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Safety and security


Pick pocketing and street crime, including in taxis and occasionally violent, are common in parts of Dakar, particularly around Place de l’Independence, the central area of the Plateau, the Western Corniche, and at the airport. This type of crime is especially common in the run up to religious festivals. Recent examples have included attackers grabbing bags whilst driving scooters or motorbikes. You should take sensible precautions, avoid walking alone in the late afternoon and after dark, and avoid carrying valuables in public.

If you’re expecting a greeter or driver to collect you at the airport, make sure they properly identify themselves before you set off. Fake greeters are known to operate at the airport.

British nationals are increasingly being targeted by scam artists operating in West Africa. The scams come in many forms (romance and friendship, business ventures, work and employment opportunities) and can pose great financial risk to victims. You should be cautious about requests for funds, a job offer, a business venture or a face to face meeting from someone you have been in correspondence with over the internet who lives in West Africa, including from people who claim to be victims of various Western African conflicts (notably refugees from Sierra Leone) or relatives of present or former political leaders.

Local travel

The Casamance region of south-western Senegal (between the southern border of Gambia and the northern border of Guinea-Bissau) remains affected by a small number of incidents involving armed separatist groups and banditry.

There have been periodic clashes between the Senegalese army and suspected elements of the armed separatist group MFDC (Movement of the Democratic Forces of Casamance) over the last few years resulting in injuries and deaths. However these types of attacks are infrequent and where they have occurred, have not been aimed at foreigners.

You should be vigilant when travelling in the Casamance region to the west of Kolda. Where possible you should avoid travelling at night and stick to the main road from Ziguinchor to Cap Skirring (which is often used by groups of tourists during daylight hours) and the main road north of the Guinea-Bissau/ Senegal border, from Sao Domingos to Ziguinchor (N4 bis (Route National 4 bis). You should monitor the local security situation before travelling. The N4 and N5 roads in the Casamance region are closed each night from 6pm to 6am.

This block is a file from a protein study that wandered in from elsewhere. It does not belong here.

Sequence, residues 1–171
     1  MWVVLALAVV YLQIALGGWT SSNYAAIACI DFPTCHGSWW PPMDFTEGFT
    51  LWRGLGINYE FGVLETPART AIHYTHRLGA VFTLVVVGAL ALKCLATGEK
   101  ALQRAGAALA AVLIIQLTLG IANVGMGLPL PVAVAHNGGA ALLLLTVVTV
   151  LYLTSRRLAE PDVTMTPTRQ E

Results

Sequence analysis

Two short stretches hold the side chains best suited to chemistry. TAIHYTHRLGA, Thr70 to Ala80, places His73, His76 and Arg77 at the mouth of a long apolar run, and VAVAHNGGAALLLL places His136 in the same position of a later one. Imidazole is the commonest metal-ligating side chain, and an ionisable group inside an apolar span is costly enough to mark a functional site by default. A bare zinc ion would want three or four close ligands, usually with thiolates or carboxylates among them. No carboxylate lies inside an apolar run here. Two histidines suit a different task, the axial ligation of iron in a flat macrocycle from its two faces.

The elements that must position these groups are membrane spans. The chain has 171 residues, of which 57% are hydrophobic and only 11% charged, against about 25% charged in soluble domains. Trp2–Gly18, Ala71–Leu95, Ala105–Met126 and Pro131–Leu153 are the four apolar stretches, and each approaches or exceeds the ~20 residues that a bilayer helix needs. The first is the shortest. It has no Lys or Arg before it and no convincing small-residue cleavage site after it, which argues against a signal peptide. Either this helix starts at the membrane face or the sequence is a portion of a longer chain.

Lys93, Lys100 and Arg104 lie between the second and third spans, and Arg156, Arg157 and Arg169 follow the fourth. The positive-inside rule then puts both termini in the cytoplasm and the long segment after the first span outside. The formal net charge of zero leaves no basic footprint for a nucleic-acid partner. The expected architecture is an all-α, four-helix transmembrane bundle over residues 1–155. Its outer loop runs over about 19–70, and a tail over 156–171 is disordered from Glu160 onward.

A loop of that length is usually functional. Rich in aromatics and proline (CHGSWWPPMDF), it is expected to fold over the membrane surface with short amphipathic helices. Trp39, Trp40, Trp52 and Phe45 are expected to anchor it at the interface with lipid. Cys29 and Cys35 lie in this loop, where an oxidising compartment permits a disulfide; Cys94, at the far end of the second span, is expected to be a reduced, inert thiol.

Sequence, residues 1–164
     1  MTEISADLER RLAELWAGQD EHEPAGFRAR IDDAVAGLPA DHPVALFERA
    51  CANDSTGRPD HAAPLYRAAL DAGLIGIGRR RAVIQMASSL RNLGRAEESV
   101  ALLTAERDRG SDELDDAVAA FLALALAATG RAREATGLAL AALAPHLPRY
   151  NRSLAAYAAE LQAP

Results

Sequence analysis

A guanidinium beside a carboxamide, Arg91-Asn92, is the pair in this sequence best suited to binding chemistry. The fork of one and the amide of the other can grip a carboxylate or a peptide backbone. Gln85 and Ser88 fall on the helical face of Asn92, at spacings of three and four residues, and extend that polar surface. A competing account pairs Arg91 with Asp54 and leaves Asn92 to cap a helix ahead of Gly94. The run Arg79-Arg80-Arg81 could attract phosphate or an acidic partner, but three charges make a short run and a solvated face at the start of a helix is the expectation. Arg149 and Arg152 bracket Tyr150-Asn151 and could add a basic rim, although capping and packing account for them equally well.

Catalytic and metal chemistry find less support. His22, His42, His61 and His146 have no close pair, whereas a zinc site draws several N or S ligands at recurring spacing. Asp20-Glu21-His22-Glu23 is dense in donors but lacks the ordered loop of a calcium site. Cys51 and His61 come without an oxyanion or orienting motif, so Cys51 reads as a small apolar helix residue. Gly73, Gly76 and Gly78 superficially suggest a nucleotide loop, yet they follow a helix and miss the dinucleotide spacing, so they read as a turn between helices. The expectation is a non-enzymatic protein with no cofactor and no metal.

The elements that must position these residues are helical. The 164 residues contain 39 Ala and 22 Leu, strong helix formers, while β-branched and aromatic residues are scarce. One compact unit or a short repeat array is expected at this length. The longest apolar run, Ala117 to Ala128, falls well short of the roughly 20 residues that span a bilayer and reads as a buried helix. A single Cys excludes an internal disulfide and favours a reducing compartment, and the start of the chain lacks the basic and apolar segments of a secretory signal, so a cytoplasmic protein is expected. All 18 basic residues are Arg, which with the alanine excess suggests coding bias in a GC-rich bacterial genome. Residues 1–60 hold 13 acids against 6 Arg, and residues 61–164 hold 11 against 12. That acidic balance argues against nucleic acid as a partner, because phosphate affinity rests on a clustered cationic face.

Land mines remain a problem in Casamance. De-mining operations are ongoing. Organisations operating in Casamance have recorded several hundred deaths from land mines since 1990. You should take local advice and stick to paved roads.

Road travel

While some main roads are of good quality, other roads can be poor especially during the rainy season from June to September. Torrential rains can cause floods and landslides. Monitor local weather reports and expect difficulties when travelling during the rainy season.

Driving standards are unpredictable. Some taxis and public mini-buses (‘car rapide’) are not roadworthy by UK standards. The government is planning to phase out car-rapides by 2018 because of their age and the need to have buses that can hold more passengers.

Traffic in the Dakar area is heavy and you should take particular care and attention to avoid accidents. Driving after dark is more dangerous because of poor street and vehicle lighting. If you do have an accident you must contact the police and wait for them to arrive at the scene. In more remote areas you may need to go directly to the nearest police station to report the incident there.

Political situation

Avoid any demonstrations or large gatherings of people.


The French Embassy provides important security updates to French and other EU nationals, including British nationals. If you would like to take advantage of this service, please contact the British Embassy, Dakar.


There is a high threat from terrorism. Attacks could be indiscriminate, including in places visited by foreigners. Take particular care in remote areas of Senegal near the border areas with Mauritania and Mali, and to the east of the city of Podor as far as Kidira.

Terrorist groups in West Africa have recently demonstrated their capability and intent by mounting attacks in Côte d’Ivoire, Burkina Faso and Mali, targeting beach resorts, hotels, cafes and restaurants visited by foreigners. Be especially vigilant in these locations.

There is a threat of kidnapping in the wider Sahel region. You should take particular care in remote regions and border areas. The long-standing policy of the British government is not to make substantive concessions to hostage-takers. The British government considers that paying ransoms and releasing prisoners increases the risk of further hostage-taking and finances terrorist activity. The Terrorism Act (2000) also makes payments to terrorists illegal.

There is considered to be a heightened threat of terrorist attack globally against UK interests and British nationals, from groups or individuals motivated by the conflict in Iraq and Syria. You should be vigilant at this time.

Find out more about the global threat from terrorism, how to minimise your risk and what to do in the event of a terrorist attack.

Local laws and customs

Local laws reflect the fact that Senegal is a predominantly Muslim country. You should respect local traditions, customs, laws and religions at all times and be aware of your actions so that they don’t offend others, especially during the holy month of Ramadan or if you intend to visit religious areas.

In 2017, the holy month of Ramadan is expected to start on 27 May and finish on 25 June. See Travelling during Ramadan

You should dress and behave modestly in public outside the main tourist areas. Bars and restaurants usually serve alcoholic drinks but drunkenness is considered offensive. Kissing as a greeting is acceptable but kissing romantically in public is not.